NIH grant will support central venous catheter insertion training


By Pamela Wertz & Shea Bracken

Scarlett Miller, assistant professor in the School of Engineering Design, Technology and Professional Programs and the Harold and Inge Marcus Department of Industrial and Manufacturing Engineering, and Jason Moore, assistant professor in the Department of Mechanical and Nuclear Engineering, were awarded a Research Project Grant (R01) of $698,178 from the National Institutes of Health’s (NIH) National Heart, Lung and Blood Institute.

Miller and Moore are co-principal investigators on the three-year project titled, “Dynamic Haptic Robotic Training for Central Venous Catheter Insertion.”

The goal of the research project is to develop, test and implement an innovative new training method that uses a programmable robot to apply force to a surgical resident’s hand in order to mimic how it feels when inserting a needle into a patient. Miller and Moore believe this system will improve the efficiency of residents in performing central venous catheter (CVC) insertions and will help build their skills and confidence before carrying out these interventions on patients.

“More than 5 million CVC procedures are performed in the United States annually; however up to 39 percent of CVC patients experience some type of complication,” said Miller. “We are hoping that our research will ultimately lead to better outcomes for both surgical residents and their patients.”

Miller explained that traditionally surgical residents have learned to insert CVCs by inserting a needle into the chest of a human replica and relying on ultrasound images to guide the catheter into place. However, this is a difficult procedure to master and often leads to complications for the patients and stress on the residents once they are in a surgical setting.

“There is a dire need for identifying the ideal methodology for training residents on CVC procedures in order to develop standards and reduce adverse medical events,” said Miller.

The three focuses of the grant are: to develop an accurate needle insertion model that will be programmed into the robotic device to simulate the feel of haptic needle insertion; to develop and optimize training for using the device; and to assess long-term improvements in inserting central venous catheters and the effects on patient safety after incorporating this new system in the educational curricula at Penn State Milton S. Hershey Medical Center.

By using a programmable robot instead of a static replica, residents can train for a more diverse range of settings. For example, the program could account for the differences patient weights or tissue densities that would be encountered in real world procedures.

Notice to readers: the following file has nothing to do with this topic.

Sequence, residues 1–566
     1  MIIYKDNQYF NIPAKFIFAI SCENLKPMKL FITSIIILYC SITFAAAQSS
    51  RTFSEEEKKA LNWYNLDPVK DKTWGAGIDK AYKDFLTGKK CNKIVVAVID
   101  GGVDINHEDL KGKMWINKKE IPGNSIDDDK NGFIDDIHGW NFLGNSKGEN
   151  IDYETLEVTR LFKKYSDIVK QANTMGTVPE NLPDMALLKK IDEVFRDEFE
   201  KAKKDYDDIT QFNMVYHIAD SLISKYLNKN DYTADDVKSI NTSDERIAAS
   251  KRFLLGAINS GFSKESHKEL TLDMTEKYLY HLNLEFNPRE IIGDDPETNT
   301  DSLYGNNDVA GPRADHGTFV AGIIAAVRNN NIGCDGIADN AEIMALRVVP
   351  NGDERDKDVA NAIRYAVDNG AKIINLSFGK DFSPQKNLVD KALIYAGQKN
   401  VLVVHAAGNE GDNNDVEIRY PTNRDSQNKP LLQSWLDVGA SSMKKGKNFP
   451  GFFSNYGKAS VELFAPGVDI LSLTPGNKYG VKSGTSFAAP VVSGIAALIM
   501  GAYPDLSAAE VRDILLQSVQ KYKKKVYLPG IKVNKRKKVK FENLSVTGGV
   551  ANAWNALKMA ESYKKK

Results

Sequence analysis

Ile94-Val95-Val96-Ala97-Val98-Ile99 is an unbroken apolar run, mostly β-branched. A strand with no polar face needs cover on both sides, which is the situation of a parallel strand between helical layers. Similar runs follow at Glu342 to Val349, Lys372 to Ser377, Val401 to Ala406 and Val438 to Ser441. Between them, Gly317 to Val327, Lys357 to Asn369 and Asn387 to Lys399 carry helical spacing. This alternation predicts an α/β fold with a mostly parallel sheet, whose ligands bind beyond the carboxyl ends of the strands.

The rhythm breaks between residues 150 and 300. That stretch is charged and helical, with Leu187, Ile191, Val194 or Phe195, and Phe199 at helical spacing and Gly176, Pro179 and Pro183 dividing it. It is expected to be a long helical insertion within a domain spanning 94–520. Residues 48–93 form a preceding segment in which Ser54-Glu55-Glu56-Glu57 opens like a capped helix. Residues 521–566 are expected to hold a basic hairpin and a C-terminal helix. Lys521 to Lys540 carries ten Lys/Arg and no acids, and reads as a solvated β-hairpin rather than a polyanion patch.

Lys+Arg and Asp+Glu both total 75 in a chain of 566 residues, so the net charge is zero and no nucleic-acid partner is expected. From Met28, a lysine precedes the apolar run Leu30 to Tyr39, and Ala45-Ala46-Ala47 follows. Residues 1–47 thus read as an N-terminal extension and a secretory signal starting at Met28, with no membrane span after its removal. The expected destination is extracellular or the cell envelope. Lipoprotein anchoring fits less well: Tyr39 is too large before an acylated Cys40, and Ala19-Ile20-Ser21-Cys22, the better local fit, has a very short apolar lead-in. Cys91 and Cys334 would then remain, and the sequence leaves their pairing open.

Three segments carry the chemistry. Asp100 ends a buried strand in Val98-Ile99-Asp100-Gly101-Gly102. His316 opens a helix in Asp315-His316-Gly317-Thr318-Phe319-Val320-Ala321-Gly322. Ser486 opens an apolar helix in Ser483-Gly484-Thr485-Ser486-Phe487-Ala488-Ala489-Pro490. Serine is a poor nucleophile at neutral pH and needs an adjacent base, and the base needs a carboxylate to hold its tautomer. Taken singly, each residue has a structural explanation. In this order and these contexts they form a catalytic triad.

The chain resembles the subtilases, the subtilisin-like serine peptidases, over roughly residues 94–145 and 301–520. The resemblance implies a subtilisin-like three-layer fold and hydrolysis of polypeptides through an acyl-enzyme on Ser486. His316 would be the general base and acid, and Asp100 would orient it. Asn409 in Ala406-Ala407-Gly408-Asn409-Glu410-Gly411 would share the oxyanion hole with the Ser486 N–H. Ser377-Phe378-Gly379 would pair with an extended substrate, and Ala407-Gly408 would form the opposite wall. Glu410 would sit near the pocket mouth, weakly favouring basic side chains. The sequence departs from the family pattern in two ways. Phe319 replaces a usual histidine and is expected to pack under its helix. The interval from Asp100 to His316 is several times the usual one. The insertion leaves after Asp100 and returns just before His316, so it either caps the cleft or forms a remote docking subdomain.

Additionally, the program will assess the current skill level of the resident during the CVC insertion procedure and automatically adjust the training curricula based on this knowledge.

“That’s the dynamic part of it,” Moore said. “It’s interactive so residents can be adequately trained in areas where they are not naturally strong.” 

Miller and Moore, along with industrial engineering doctoral candidate Inki Kim and mechanical engineering and Schreyer Honors College undergraduate student Adam Gordon, have been researching this issue for the last two years with guidance and input provided by David Han, the vice chair of education in the Department of Surgery and the director of General Surgery Residency Program at the Penn State Hershey Heart and Vascular Institute.

The researchers observed 18 surgical residents during their CVC training sessions in the summer of 2013 to determine the types of errors being made and used this knowledge to develop key design criteria for their robotic trainer.

Moore has extensively studied haptic robotics and the interaction between medical instruments and soft tissue inside the body. Miller has studied effective learning techniques for medical resident training, and has developed medical tools and visualizations that reduce injuries and increase efficiency in the surgical suite.

The NIH grant allows Miller and Moore to advance their work beyond the preliminary stages and launch into a three-year study that looks at how surgical students perform with this training program.

“We are excited that we will be able to implement this training program at the Penn State Hershey Medical Center, assess how surgical residents perform and improve their learning,” Moore said.  

The R01 grant provides support for health-related research and development based on the mission of the NIH and has an excellent possibility for refunding.


Share this story:

facebook linked in twitter email


Shea Bracken

Inki Kim and Scarlett Miller in lab

Inki Kim (right), industrial engineering doctoral student, demonstrates the current training method for surgical residents. Dr. Scarlett Miller (left), assistant professor, watches the ultrasound machine.

“More than 5 million CVC procedures are performed in the United States annually; however up to 39 percent of CVC patients experience some type of complication. We are hoping that our research will ultimately lead to better outcomes for both surgical residents and their patients.”



The Department of Mechanical and Nuclear Engineering at Penn State is one of the nation’s largest and most successful engineering departments. We serve more than 1,000 undergraduate students and more than 330 graduate students

We offer B.S. degrees in mechanical engineering and nuclear engineering as well as resident (M.S., Ph.D.) and online (M.S., M.Eng.) graduate degrees in nuclear engineering and mechanical engineering. MNE's strength is in offering hands-on experience in highly relevant research areas, such as energy, homeland security, biomedical devices, and transportation systems.

Department of Mechanical and Nuclear Engineering

137 Reber Building

The Pennsylvania State University

University Park, PA 16802-4400

Phone: 814-865-2519